Yoga Diary: Sidewalk Yoga

A remarkable quality that many New Yorkers share is the ability to move at top speed. Shortly after moving to Manhattan, I found myself grumbling at slow walkers and quickly zigzagging around them on sidewalks like a seasoned city dweller. Then one day I noticed a billboard that read: “Where are you going?” I was floored by the simplicity of the question. I was going to yoga class at a blurring pace, as usual, but I wasn’t even late. In an instant I recognized a conflict with my practice: I was violently throwing one foot in front of the other with a scowling mind, oblivious to the world, annoyed with people who had every right to walk comfortably as I went to my class, where I expected to find peace and relaxation on my mat.

I committed to practicing sidewalk yoga, which for me was a way of mindfully practicing ahimsa (nonharming) with myself and others. Walking became a meditation that immediately led to other revelations. Because I chose to focus on slowing down, I became witness to the miracles happening all around. A man in an expensive suit helping a young mother carry a giant stroller down the subway steps. Concerned passersby stopping to pick up oranges that had rolled off a fruit vendor’s cart. An old man quickly pulling a child back on the sidewalk as a car ran a red light. Kindness everywhere, in this city of fast walkers. I learned to appreciate the yoga of each moment, the yoga that occurs when we are in the world with open eyes and light feet.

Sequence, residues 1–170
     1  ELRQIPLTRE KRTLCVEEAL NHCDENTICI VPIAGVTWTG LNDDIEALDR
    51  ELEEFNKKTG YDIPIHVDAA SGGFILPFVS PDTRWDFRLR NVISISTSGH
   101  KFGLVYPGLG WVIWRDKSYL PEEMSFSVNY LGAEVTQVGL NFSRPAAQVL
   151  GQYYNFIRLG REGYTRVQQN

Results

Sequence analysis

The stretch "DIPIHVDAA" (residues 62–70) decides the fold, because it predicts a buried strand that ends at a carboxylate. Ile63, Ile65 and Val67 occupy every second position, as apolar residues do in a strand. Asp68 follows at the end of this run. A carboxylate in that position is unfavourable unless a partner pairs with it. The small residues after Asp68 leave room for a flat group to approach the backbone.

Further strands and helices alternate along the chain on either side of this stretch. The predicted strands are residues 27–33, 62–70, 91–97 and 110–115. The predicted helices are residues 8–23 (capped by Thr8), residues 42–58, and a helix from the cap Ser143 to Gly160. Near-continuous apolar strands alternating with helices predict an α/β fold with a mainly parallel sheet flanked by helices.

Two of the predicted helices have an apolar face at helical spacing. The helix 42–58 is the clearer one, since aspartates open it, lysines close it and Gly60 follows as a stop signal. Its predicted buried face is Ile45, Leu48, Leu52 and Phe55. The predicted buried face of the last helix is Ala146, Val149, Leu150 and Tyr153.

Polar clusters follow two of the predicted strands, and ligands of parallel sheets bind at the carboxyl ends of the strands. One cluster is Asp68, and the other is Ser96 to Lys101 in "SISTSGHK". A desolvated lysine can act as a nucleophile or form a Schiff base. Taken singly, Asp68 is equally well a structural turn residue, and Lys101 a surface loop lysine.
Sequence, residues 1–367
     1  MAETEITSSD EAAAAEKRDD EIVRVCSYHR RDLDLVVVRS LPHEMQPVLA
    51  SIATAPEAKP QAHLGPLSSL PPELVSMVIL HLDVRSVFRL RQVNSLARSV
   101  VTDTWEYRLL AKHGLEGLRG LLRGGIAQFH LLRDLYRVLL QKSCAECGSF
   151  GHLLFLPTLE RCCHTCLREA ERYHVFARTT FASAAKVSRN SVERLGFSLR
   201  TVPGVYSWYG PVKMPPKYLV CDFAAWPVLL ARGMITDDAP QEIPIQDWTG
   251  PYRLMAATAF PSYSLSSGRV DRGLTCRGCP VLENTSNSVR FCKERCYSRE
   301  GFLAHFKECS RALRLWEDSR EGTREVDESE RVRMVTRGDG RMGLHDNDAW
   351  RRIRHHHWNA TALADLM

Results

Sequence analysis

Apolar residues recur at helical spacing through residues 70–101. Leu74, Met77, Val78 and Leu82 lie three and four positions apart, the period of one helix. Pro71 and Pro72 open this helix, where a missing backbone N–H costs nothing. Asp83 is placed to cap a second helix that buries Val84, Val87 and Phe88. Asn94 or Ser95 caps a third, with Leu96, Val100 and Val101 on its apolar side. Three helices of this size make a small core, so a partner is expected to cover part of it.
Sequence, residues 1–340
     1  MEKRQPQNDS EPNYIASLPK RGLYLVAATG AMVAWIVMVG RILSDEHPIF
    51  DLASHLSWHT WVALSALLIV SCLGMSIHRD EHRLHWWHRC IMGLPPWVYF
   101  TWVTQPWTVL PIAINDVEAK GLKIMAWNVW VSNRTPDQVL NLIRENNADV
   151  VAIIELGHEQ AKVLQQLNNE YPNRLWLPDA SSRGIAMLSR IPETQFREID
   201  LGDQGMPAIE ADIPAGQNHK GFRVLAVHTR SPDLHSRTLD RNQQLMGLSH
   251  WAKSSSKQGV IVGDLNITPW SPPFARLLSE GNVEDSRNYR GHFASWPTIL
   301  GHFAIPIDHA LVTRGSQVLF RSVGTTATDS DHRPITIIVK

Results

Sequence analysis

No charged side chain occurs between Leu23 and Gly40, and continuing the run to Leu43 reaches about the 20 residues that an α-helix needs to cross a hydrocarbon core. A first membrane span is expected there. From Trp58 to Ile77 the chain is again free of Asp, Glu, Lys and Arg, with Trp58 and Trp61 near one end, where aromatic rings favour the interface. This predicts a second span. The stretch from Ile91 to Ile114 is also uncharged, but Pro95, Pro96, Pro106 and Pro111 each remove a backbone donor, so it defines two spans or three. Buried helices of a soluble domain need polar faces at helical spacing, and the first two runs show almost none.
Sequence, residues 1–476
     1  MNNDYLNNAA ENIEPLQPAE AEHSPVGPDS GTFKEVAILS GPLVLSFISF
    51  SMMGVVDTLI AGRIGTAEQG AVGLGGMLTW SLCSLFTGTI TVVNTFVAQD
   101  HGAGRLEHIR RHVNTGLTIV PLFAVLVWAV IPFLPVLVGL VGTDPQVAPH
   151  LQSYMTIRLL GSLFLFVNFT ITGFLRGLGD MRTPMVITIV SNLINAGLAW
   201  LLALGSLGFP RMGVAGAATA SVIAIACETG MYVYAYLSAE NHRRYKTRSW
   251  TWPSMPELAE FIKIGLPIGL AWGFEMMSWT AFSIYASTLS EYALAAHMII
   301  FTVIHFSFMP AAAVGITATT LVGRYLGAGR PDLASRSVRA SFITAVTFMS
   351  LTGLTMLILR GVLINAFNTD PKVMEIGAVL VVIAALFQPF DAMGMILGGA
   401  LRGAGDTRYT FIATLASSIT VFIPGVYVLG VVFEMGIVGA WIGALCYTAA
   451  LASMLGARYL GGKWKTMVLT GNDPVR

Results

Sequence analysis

First do no harm: Yoga Sutra in Action

Yoga Sutra II.30: The principles of respect for 
others include nonviolence, honesty, non-covetousness, moderation, and non-greediness.

The five yamas, the first limb of Patanjali‘s eight-limb guide to an ethical, meaningful life, are principles for interacting with the people and all other living things in the world around us. Patanjali begins the introduction to the yamas in II.30 with ahimsa, or nonharming, for good reason. Ahimsa, the first yama, is the foundation for the remaining four that follow.

For example, Patanjali uses the word satyam for the second yama. Often translated as “truthfulness,” satyam means “truth that doesn’t hurt.” Likewise, if we practice astray (noncovetousness), brahmacharya (appropriate boundaries), or aparigraha (accepting only what’s appropriate), we act from a place of kindness and respect for ourselves and others.

This is perhaps the key piece inherent in the teaching of ahimsa: While it is a wonderful and noble thing to act kindly toward our neighbors, when we act harmfully, the person we harm most is ourself. 

Kate Holcombe’s teachings apply the Yoga Sutra of Patanjali to daily life. She is the founder and co-director of the Healing Yoga Foundation in San Francisco.

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